April 2015

Contractor Insurance Requirements – A Primer

This article was originally published by AmWINS Group, Inc. It was edited and rewritten to simplify the content. To read the original article please click here.

primerWhen risk management department is assigned to focus on the major project, including construction, with particular attention to the insurance requirements to be imposed on the general contractor and any subcontractors, it’s very important not to make the insurance requirements so onerous that contractors are discouraged from bidding on the project.For those of us, who has not been involved in such projects before, let’s review insurance requirements from different projects and how those may affect our company (let’s call it ABC company – the one who impose insurance requirements).
Outdated Insurance Terminology
What may strike us about the old insurance requirements is the insurance terminology used. There is reference to “comprehensive general liability insurance” including endorsements listed as “broad form property damage,” “broad form blanket contractual liability,” “cross liability,” “XCU” and “additional named insured.” The limits are also listed as split limits – one applicable to bodily injury, and another lesser limit applicable to property damage.Similarly, the auto insurance requirement refers to “comprehensive auto liability” and workers’ compensation insurance includes the “broad form all states endorsement.” Further, all of the requirements are to be evidenced by a certificate of insurance that provides certificate holder a 30 days advance notice of cancellation. It becomes readily apparent that these requirements are so outdated as to be virtually useless – the coverage, endorsements and limits listed are obsolete and are no longer available. We must start from the beginning.Read More »Contractor Insurance Requirements – A Primer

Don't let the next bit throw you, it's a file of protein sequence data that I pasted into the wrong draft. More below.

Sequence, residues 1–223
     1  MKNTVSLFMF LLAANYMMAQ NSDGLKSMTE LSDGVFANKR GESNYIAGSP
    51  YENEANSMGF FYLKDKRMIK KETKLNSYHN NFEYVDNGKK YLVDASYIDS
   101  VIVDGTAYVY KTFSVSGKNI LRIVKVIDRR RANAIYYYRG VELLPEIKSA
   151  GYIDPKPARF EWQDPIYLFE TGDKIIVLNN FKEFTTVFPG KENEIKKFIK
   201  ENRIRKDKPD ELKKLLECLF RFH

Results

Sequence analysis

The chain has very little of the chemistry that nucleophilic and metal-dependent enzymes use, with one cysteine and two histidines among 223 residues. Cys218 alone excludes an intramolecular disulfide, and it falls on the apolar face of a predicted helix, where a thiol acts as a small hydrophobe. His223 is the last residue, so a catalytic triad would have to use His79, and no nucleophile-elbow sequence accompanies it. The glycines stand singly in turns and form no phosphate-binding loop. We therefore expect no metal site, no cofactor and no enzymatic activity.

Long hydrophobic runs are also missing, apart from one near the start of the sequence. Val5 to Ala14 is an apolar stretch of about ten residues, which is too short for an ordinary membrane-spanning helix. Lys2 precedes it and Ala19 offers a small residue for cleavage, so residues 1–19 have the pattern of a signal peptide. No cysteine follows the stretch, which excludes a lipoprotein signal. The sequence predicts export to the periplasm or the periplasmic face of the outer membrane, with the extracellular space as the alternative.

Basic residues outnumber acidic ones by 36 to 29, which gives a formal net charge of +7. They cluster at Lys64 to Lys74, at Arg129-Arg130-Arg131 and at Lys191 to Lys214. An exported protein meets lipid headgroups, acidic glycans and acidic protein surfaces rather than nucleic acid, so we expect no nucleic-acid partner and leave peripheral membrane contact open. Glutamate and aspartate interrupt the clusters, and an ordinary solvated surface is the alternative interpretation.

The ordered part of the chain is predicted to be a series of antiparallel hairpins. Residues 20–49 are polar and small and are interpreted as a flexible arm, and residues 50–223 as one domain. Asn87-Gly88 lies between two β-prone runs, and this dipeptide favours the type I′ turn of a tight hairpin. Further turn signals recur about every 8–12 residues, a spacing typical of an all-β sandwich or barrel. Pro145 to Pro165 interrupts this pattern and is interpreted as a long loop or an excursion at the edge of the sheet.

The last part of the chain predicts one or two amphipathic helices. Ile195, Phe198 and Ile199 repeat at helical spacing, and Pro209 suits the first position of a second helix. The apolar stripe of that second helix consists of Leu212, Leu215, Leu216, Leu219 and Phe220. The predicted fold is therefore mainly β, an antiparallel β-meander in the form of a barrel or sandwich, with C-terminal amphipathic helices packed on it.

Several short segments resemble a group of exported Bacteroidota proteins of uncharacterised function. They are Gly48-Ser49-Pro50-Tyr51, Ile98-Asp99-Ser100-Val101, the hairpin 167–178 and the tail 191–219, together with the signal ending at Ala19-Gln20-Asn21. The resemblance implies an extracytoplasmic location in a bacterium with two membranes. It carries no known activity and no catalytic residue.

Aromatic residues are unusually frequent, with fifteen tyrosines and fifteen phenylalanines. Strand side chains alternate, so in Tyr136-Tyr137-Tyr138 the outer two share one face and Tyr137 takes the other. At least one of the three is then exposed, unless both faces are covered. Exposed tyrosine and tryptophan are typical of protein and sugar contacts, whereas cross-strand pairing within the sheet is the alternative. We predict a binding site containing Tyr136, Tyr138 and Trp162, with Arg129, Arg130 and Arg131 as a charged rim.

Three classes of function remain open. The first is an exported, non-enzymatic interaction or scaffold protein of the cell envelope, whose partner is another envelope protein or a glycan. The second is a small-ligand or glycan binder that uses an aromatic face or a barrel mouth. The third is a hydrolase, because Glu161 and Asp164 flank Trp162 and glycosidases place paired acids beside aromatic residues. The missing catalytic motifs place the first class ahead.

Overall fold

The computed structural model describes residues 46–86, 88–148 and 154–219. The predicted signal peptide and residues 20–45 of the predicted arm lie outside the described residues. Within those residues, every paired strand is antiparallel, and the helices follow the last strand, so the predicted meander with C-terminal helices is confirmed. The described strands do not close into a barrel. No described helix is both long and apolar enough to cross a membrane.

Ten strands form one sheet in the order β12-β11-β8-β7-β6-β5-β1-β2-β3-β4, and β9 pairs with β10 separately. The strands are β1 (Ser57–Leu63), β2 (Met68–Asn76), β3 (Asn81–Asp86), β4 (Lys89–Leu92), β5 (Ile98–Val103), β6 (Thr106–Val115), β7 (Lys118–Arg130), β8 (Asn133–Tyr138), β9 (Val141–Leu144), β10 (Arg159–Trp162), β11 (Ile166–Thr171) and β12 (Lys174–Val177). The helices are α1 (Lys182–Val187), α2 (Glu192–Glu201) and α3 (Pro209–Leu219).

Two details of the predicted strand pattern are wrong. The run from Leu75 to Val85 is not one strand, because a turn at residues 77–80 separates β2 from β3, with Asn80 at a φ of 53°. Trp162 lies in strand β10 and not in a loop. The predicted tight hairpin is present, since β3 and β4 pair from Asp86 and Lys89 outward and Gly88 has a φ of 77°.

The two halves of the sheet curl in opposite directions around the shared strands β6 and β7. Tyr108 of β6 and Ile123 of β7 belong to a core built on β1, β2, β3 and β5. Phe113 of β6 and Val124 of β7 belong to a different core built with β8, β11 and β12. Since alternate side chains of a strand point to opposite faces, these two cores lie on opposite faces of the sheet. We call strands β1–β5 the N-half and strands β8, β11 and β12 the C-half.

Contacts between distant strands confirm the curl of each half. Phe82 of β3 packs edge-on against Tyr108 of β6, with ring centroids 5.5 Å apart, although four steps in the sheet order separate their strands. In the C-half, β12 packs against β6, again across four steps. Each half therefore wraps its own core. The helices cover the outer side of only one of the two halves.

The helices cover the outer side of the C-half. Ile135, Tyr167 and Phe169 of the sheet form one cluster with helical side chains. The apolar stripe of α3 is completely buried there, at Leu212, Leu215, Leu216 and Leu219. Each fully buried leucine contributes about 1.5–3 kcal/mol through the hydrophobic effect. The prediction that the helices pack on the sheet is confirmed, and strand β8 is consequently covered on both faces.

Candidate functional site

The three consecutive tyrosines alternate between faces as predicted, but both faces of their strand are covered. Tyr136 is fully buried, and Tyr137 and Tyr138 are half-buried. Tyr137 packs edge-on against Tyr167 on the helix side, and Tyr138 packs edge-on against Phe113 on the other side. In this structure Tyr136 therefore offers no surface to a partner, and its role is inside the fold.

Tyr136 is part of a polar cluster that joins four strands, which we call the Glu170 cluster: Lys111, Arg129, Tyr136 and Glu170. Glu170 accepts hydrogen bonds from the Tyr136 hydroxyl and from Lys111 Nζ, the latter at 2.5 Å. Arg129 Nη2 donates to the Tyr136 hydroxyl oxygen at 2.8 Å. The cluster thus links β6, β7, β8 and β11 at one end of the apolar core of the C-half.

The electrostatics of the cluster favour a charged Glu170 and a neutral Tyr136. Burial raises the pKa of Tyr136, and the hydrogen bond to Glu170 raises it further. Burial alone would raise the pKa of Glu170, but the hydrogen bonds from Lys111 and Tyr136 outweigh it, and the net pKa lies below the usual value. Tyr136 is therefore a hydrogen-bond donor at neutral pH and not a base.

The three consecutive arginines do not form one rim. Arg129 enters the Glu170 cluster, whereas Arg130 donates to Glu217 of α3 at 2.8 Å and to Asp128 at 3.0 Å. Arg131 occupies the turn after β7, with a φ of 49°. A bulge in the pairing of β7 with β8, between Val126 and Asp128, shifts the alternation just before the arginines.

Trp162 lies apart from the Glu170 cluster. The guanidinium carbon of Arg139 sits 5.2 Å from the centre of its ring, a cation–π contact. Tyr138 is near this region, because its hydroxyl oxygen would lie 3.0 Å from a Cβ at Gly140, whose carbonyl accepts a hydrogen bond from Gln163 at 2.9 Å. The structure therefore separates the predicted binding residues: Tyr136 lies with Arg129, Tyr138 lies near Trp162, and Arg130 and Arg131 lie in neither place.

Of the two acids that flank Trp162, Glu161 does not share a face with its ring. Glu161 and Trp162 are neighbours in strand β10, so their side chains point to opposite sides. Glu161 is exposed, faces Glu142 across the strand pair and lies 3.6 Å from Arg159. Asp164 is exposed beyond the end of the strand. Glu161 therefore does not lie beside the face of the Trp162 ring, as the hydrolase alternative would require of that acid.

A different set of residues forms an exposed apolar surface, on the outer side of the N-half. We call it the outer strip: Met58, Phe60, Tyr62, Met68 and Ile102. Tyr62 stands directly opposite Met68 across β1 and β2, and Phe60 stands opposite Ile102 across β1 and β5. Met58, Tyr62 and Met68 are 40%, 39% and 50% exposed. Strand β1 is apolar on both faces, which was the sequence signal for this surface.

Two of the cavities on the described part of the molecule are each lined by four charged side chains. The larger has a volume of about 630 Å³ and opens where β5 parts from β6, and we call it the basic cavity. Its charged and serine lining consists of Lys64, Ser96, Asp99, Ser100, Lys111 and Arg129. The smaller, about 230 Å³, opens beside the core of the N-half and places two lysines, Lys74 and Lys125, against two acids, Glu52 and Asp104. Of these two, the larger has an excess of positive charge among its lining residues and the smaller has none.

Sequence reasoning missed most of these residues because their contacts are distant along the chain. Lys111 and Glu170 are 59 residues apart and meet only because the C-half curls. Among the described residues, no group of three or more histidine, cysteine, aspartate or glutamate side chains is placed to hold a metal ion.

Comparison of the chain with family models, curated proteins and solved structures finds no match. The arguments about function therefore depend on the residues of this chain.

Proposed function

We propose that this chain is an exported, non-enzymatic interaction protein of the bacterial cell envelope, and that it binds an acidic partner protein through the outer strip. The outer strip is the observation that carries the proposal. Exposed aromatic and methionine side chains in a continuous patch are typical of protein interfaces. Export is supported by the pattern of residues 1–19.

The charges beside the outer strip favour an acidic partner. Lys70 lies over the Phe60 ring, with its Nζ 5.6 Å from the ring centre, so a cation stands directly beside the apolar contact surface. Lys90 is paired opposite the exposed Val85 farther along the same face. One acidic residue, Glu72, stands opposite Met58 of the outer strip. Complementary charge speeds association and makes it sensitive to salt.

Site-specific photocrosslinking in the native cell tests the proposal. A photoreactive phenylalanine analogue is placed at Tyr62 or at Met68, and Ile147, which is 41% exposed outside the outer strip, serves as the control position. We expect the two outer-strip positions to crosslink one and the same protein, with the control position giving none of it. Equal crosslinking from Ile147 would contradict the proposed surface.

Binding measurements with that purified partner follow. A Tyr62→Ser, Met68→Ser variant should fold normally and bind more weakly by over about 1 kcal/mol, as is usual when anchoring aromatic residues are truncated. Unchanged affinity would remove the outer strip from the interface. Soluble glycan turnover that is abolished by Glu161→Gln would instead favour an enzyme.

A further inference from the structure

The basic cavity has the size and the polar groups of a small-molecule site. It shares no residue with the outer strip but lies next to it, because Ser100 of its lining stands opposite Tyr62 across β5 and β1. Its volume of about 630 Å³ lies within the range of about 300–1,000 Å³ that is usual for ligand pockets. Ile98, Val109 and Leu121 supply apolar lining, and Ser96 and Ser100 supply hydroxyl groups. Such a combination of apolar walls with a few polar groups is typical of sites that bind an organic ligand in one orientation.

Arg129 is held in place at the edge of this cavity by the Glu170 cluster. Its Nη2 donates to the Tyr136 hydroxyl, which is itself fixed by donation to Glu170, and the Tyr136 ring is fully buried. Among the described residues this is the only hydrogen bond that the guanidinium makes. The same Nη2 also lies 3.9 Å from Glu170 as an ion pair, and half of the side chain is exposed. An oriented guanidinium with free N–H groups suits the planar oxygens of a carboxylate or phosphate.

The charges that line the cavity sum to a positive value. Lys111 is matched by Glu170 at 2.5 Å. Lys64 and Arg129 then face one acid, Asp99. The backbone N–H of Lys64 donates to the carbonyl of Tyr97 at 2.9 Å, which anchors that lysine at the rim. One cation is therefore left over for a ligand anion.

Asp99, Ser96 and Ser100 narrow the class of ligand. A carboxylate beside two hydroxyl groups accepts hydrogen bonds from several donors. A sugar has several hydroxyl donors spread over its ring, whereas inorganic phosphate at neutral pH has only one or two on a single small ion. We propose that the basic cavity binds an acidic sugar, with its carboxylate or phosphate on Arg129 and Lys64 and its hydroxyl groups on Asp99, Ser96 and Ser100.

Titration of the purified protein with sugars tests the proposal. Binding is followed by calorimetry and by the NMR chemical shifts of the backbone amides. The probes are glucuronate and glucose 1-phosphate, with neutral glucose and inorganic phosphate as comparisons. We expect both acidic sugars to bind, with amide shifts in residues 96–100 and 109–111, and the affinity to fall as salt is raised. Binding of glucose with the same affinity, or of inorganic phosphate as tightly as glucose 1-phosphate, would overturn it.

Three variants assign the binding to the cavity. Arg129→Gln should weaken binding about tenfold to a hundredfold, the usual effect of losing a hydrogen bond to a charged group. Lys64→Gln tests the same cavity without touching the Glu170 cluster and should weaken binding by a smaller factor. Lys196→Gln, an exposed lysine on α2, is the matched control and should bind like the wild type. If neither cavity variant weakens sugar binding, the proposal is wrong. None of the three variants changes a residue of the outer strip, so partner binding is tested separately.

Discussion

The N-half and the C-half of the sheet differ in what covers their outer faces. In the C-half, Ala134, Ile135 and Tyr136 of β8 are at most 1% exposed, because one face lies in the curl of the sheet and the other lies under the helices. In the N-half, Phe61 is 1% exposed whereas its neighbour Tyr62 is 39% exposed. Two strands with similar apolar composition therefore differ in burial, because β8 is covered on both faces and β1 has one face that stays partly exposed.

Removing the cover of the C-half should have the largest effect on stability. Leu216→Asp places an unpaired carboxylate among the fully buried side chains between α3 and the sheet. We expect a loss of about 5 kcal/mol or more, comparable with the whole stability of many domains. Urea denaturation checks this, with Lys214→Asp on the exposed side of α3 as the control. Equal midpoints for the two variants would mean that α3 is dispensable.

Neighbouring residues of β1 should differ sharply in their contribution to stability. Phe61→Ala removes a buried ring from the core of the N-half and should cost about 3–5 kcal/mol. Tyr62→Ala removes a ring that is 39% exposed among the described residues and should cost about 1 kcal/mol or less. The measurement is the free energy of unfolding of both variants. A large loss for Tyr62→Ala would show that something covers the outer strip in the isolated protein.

Cyber Liability Insurance Coverage for Financial Institutions

A significant number of financial institutions have been victimized in recent months and years. Among those publicly acknowledging breaches were J.P. Morgan Chase, Bank of America, Citigroup, Sovereign Bank and Royal Bank of Scotland (RBS).  Numerous smaller institutions have also been targeted by hackers and phishers.

Recent Breaches at Financial Institutions

Total Bank (Miami, FL)
In July 2014, the bank notified 72,500 customers that their account information was potentially exposed after an unauthorized third party gained access to the bank’s computer network. Information obtained by this unauthorized third party included names, addresses, account numbers, account balances, Social Security numbers and driver’s license numbers.  The bank is offering 12 months free of credit monitoring services for those that were affected.Read More »Cyber Liability Insurance Coverage for Financial Institutions